Cinematherapy Helps Cut Through Film
Picturing movie characters is easier than revealing ourselves
Do you have issues? If so, it might be time to go to the movies.
Some mental health experts say that watching a movie can sometimes help you see yourself, your family and your friends the way you all really are, according to an article in the Detroit Free Press.
If you are stuck in a bad relationship, the article says, you should watch "Fool for Love." If your family makes you crazy, check out "Home for the Holidays." If you are the envious type, try "Inventing the Abbotts."
Several books have been written on the subject of movies as therapy, including "Reel Therapy: How Movies Inspire You to Overcome Life's Problems," by Gary Solomon, and "Rent Two Movies and Let's Talk in the Morning," by John Hesley. Another book, "Cinematherapy: The Girl's Guide to Movies for Every Mood," by Nancy Peske and Beverly West, takes a more lighthearted approach.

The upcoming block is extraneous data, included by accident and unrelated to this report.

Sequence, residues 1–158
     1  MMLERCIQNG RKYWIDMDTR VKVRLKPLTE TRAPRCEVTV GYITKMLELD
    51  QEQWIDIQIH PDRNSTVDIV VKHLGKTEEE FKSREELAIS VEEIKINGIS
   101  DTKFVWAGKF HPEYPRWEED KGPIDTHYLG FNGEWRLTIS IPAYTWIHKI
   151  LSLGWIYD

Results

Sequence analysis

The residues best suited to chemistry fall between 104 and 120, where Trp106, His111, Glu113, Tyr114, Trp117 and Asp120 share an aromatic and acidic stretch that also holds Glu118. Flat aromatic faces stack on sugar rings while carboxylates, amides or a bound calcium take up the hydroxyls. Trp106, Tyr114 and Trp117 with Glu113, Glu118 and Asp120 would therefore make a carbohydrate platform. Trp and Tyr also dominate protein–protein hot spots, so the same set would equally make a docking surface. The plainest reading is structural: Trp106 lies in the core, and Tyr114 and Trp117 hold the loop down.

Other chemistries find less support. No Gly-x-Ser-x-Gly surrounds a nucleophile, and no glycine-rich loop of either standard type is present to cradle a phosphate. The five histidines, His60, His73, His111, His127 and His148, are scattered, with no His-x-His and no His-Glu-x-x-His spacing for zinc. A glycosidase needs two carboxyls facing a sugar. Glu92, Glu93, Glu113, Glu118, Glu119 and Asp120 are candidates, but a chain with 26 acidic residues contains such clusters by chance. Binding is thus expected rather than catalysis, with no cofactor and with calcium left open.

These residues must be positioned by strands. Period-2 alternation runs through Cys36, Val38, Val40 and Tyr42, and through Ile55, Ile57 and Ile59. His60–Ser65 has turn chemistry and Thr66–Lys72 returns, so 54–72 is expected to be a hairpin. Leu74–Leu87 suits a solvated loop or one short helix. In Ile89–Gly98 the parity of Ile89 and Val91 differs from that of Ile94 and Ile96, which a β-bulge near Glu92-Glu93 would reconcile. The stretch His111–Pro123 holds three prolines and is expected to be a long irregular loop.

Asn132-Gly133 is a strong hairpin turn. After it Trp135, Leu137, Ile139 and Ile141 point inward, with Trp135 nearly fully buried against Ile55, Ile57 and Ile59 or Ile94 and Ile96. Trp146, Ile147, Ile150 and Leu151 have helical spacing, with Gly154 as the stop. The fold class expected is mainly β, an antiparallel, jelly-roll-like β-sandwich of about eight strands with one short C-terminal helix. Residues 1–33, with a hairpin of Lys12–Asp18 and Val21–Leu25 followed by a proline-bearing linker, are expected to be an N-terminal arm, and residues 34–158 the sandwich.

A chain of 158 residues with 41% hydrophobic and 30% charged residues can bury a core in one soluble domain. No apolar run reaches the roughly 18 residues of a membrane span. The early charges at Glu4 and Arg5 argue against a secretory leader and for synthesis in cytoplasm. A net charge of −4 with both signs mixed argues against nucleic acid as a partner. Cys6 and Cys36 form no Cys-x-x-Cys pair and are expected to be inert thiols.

Although the approach may seem unusual, it is similar to a form of therapy that has been used for decades. In the 1930s, William Menninger used fiction-reading assignments to help his patients better understand their problems. Since then, it has become accepted practice for therapists to use books, short stories and even poetry in their work. The use of movies adds a visual approach. Therapists say it can help patients who tend to make the same mistakes repeatedly. They also say couples sometimes feel more comfortable talking about their problems by discussing movie characters, rather than themselves.
So now you've heard about movie therapy. Have you ever heard of music therapy? To find out more, you can read this from the American Music Therapy Association. And then there is art therapy. To find out more about that, you can read this article from The Dallas Morning News, reprinted on the American Art Therapy Association Web site.